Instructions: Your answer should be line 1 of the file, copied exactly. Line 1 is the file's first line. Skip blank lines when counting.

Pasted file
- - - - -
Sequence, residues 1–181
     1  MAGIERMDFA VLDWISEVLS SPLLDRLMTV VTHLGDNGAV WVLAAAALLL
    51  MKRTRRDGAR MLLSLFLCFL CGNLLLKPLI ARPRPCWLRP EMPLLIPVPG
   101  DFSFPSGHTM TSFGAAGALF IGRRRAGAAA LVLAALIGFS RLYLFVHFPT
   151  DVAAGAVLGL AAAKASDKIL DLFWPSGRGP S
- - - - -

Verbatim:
Sequence, residues 1–181